antdude writes: "The National Purchase Diary (NPD) Group Blog reports that "Internet Connected TVs Are Used To Watch TV, And That’s About All — The Internet connected high definition television (HDTV) screen has so far failed to break beyond the bounds of its TV-centric heritage, with little use for the big screen beyond the obligatory video services. But the connection is being used to provide access to a far wider variety of alternative sources for video content. The latest NPD Connected Intelligence Application & Convergence report highlights that nearly six out of ten consumers who own a connected HDTV are accessing Over-the-Top (OTT) video services through the device.
Seen on DSL/Broadband Reports."
antdude writes: "This seven/7 pages OCModShop article look into the past and the current Windows versions — "Today Microsoft launched its latest version of its iconic Operating System (OS): Windows 8. There have been many version of Windows over the years, and one can't help but wonder what justifies this version number. Microsoft and other technology companies have over-written and re-named their product history before, so we take a good hard look at all the previous operating systems to see if the numbers add up.
Microsoft Windows started as version 1.0 as an add-on to its disk operating system (DOS). The product was a simple graphical user interface (GUI) program that was little more than a visual file manager. Windows 2.0 was released to take advantage of the features offered by Intel’s 286 processor. Windows 3 is the version that really started Microsoft on its current path of success.
All of these versions numbers are very logical and can be easily counted. Where things start to get a little ambiguous is when Windows NT is thrown into the mix..."
antdude writes: "MacStories have an article, with images, titled "Mapping The Entertainment Ecosystems of Apple, Microsoft, Google & Amazon" — "... the various digital content stores that are run... -– specifically their Music, Movies, TV Shows, eBooks and App stores...""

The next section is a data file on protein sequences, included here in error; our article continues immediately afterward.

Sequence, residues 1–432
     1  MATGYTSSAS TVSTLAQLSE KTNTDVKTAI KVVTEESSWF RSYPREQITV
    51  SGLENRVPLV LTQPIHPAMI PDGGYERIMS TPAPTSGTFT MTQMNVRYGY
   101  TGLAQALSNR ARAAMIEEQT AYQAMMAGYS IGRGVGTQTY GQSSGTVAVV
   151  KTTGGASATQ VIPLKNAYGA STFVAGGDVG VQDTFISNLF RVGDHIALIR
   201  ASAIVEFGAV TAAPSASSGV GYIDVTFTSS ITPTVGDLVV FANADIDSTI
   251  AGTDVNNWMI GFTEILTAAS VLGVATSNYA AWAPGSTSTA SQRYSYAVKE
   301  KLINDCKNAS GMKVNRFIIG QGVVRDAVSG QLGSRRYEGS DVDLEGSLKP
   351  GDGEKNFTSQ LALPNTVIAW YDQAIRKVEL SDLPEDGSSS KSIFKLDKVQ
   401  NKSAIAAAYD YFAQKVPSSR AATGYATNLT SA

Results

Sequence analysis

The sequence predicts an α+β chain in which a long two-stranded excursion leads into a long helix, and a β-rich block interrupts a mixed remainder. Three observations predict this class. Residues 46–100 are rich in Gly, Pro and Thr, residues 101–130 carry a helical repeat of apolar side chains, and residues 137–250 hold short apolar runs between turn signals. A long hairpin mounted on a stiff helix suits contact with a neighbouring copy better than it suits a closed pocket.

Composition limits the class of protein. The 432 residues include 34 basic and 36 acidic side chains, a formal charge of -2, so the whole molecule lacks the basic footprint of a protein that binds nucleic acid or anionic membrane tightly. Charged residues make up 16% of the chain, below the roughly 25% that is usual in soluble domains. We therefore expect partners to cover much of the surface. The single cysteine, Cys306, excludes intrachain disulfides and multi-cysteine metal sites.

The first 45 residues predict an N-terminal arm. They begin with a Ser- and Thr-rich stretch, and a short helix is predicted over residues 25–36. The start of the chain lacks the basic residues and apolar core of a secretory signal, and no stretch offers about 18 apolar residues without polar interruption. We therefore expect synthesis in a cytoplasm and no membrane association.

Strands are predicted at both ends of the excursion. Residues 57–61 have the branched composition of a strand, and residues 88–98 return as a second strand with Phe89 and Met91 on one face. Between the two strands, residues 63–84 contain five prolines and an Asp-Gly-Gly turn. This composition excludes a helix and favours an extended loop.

antdude writes: "This two pages PC World article reports on "Idioms Lost to Tech — Technology changes everything, from how we shop to how we stay in touch with friends. And it definitely changes the way we talk--just a few years ago phrases like 'Facebook friends,' 'trending on Twitter,' and 'I can has more cheezburger?' didn't even exist.
But with each new tech-savvy phrase that's introduced, another technology-based idiom is retired--or should be. Taken literally, most idioms don't make a lot of sense (think 'Don't have a cow, man'), but we all know what they mean. Thanks to the changes in technology, though, many of today's idioms are about to go extinct--after all, who under 30 knows what a record player is? Or a landline?..."
antdude writes: "This two pages Popular Mechanics reported "genuinely dangerous products should be pulled from the shelves. But government recalls sometimes punish manufacturers for vague problems and blatant consumer misuse, actually reducing public safety. Even the word 'recall' turns out to be defective..."
antdude writes: "FierceCable reports "Time Warner Cable (NYSE: TWC) has won a U.S. patent for a method for disabling fast-forward and other trick mode functions on digital video recorders.
The patent, which lists Time Warner Cable principal architect Charles Hasek as the inventor, details how the nation's second largest cable MSO may be able prevent viewers from skipping TV commercials contained in programs stored on physical DVRs it deploys in subscriber homes, network-based DVRs and even recording devices subscribers purchase at retail outlets...""
antdude writes: "BBC News, with a 2.5 minutes embedded video, answers how accurate were Leonardo da Vinci's anatomy drawings — "During his lifetime, Leonardo made thousands of pages of notes and drawings on the human body.
He wanted to understand how the body was composed and how it worked. But at his death in 1519, his great treatise on the body was incomplete and his scientific papers were unpublished.
Based on what survives, clinical anatomists believe that Leonardo's anatomical work was hundreds of years ahead of its time, and in some respects it can still help us understand the body today.
So how do these drawings, sketched more than 500 years ago, compare to what digital imaging technology can tell us today?..."
antdude writes: "BuzzFeed shares "The Old Ways We Explained New Tech(nology) — When a technology is still new, reporters can't mention it without explaining it. Here's how the The New York Times (NYT) first tech-splained the most important new inventions of the last 135 years..."